International links on our Links Page to information rich sites such as the International Building Code (IBC)  and the International Code Council (ICC) entries on Wiki (or you can go directly to the ICC here) we will keep you updated with more current sites.

Although we have launched the site (and gone public), there is so much to cover that the site will technically be “under construction” for a while.  If  there is something specific you need guidance on, please post a comment on the relevant page and we’ll see how we can help. Please only use the “contact us” if you want to advertise or if you have a suggestion on how we can improve your visit with us.

NewIntroPic1 s Building Regulations Introduction

We give advice on Regulations for all phases of building.

We Rely on Regulations

  938 Responses to “Building Regulations Introduction”

Comments (938)
  1. Is it true that if you build a swimming pool you must pay R3000 to get your swimming pool drawing approved by you’re local municipality?

  2. Can a builder dig trenches without passed plans

    • He can dig trenches but he needs plans to build – and the trenches need to be checked against the plans before the concrete is placed in the trenches.

  3. Hi I’m renting on a property and have a small business which I have permission from my landlords to run,I wanted to find out if I have advertisements put up regarding my business,will this affect my landlords rates in anyway,will they be fined by the municipality?

    • This is not an NBR issue, but it shouldn’t make any difference to his rates at all. The issue is whether the council will have any objection to you running a business from home. Generally you can do so as long as you don’t have members of the public visiting the business premises because then parking because an issue.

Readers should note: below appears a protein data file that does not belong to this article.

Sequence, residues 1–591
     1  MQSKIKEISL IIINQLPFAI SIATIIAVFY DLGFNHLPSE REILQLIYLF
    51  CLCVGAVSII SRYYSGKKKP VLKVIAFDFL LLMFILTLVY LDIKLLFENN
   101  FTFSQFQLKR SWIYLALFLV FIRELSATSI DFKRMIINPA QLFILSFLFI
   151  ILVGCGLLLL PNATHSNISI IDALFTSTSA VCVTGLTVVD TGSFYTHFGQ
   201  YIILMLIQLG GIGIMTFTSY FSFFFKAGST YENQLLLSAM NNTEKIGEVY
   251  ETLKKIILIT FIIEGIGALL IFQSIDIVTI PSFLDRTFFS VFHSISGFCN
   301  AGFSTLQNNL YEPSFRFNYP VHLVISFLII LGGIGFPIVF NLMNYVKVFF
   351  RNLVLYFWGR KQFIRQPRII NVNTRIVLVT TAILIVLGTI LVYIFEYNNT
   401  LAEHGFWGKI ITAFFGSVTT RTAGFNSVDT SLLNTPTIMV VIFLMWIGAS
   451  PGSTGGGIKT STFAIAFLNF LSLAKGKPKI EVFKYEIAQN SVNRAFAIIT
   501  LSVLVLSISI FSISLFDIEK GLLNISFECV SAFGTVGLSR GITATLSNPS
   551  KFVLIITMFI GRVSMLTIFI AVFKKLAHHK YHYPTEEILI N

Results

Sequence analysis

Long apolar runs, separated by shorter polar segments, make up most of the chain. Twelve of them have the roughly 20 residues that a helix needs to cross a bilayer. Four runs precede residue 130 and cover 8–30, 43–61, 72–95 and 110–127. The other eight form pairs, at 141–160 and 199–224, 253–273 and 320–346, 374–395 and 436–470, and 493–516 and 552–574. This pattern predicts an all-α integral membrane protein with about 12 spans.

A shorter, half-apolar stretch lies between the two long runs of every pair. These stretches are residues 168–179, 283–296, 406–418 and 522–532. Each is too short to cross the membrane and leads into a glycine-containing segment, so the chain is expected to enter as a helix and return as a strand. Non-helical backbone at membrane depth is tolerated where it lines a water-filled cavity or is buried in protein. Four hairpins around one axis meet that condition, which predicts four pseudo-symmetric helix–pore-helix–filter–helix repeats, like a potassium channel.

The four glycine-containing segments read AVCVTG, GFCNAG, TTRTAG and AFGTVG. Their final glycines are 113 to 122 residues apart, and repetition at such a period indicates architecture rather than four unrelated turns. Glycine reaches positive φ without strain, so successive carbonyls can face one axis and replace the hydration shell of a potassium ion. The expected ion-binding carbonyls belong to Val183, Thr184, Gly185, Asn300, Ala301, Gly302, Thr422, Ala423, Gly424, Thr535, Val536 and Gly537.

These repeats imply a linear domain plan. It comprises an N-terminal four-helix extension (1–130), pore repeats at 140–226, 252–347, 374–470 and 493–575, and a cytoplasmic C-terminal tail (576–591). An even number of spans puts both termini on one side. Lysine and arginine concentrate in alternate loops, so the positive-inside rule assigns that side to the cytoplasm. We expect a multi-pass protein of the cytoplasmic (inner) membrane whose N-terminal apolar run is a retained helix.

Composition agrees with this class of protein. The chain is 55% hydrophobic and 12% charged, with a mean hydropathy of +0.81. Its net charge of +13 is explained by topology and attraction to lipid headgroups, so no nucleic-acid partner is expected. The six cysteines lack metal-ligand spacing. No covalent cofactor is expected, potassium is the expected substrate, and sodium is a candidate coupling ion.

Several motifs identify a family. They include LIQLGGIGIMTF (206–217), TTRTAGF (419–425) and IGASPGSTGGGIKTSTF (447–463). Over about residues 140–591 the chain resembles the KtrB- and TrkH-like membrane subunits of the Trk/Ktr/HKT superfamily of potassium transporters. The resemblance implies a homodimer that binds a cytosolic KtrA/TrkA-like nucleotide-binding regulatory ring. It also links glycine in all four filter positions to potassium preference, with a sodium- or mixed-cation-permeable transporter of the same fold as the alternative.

4. Greetings,
    Who do I complain to if a contractor has been fully paid to build a swimming pool- but has disappeared prior to finishing. Before finishing with the pool, the builder realized that the pool is leaking- he no longer responds to our telephone calls and email messages. He has also been paid for a pool cover which he has not fitted.

    • Never ever pay in full for building work until it is complete. The only recourse you would have in terms of a leaking pool would be if the contractor was a member of the National Spa and Pool Institute (NSPI). All you can do now is go to a lawyer and take action through the courts.

  5. Hi

    After a contractor has contractor has completed a house, how long is the warranty period and what should the warranty entail?

  6. Good day I want to find out, if you have a shop in a mall can you carry in your goods through a fire escape route?

  7. Hi

    How long can the previous owner be held accountable for structures that were not included on the set of plans submitted to and approved by council?


    • Under the Prescription Act a buyer has 3 years from the date of becoming aware of the “latent defect” to claim from the seller. The “voetstoets” clause does not cover the seller in this case. The CPA (Consumer Protection Act) does not cover a once off sale from a seller to a buyer unless the seller is in the business selling houses. Here the estate agent should be cited as they are in the selling business but most of them will hide behind the fact that they never asked the seller if their plans were up to date.